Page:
The interior is let down by an old-fashioned design and a rather dated infotainment system, but everything you touch on a regular basis feels high-quality
The Mercedes GLS’ interior feels pretty old-fashioned compared to the slick cabins you’ll find in an Audi Q7 and Volvo XC90. Its hard plastic centre console is absolutely festooned with buttons that feel like they’ve been lifted from a Nokia 3310 – hardly befitting of a luxurious SUV.
Fortunately, most of the surfaces you’ll regularly touch feel solid and come with plush finishes. Sure, the black trims around the air vents and on the centre console are easy to scratch and the electric window switches feel disappointingly brittle but the man-made leather armrest and dashboard trims feel soft and supple.
Entry-level AMG Line cars come with interior mood lighting and piano black dashboard trims but you can replace these with either glossy walnut or stylish unvarnished ash inserts for free. You can get even sportier carbon-fibre items instead but these will set you back an eye-watering £1,100.
Also standard are real leather seats (instead of the Artico man-made items you’ll find in most other Mercedes AMG Line models) and an eight-inch touchscreen infotainment system with built-in sat nav.
Step up to a Designo Line model and you’ll get more comfortable seats with massage functions, electric window blinds for the back seats and even heated cupholders that’ll keep your coffee warm. Range-topping GLS 63 models get more supportive sports seats, plenty of AMG badges and a flat-bottomed steering wheel.
The GLS enormous boxy interior and seating for seven makes it feel like you’re driving the most luxurious London bus ever
Every GLS comes with an eight-inch iPad-like display mounted up on the dashboard. You’ll control everything from the colour of the mood lighting to the sat-nav directions through this system.
Unlike in a Volvo XC90, it’s not a touchscreen – instead you control it using the rotary dial down the centre console and the buttons on the steering wheel. As a result, it’s not quite as intuitive but you can quickly tweak settings without taking your eyes off the road for too long.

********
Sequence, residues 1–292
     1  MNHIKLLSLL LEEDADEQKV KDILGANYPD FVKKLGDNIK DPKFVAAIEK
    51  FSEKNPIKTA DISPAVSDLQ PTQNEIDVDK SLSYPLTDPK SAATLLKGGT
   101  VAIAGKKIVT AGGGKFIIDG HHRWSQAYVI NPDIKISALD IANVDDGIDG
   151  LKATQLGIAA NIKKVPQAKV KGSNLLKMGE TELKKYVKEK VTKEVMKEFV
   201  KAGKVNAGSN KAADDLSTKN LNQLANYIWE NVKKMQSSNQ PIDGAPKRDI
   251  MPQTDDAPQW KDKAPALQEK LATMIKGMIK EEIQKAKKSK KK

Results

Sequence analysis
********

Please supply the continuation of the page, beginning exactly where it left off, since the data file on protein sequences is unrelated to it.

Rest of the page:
Being mounted on top of the dashboard makes it easy to glance at on the move but its graphics aren’t as pin-sharp as those in the Q7 and you can’t get it with a digital driver’s display in place of conventional analogue dials like the Audi’s Virtual Cockpit system.
Thankfully, it’s relatively easy to input a destination into the standard-fit sat nav and its directions are easy to follow. If you’re not keen on Mercedes’ own navigation system, no problem – every GLS comes with Android Auto and Apple CarPlay smartphone mirroring so you can use your phone’s navigation apps through the car’s built-in screen instead.
These systems also let you stream music from apps such as Spotify through the car’s stereo. Its Harman Kardon unit might not be quite as crystal clear as the Volvo’s optional Bowers & Wilkins stereo but it comes with 14 speakers scattered about the cabin to really rattle your passengers’ fillings – even in the back seats.
Speaking of back seats, you can get a set of eight-inch digital displays with TV and DVD playback features built into the front-seat headrests, but unless you’ve got £2,495 to spare they’re best avoided.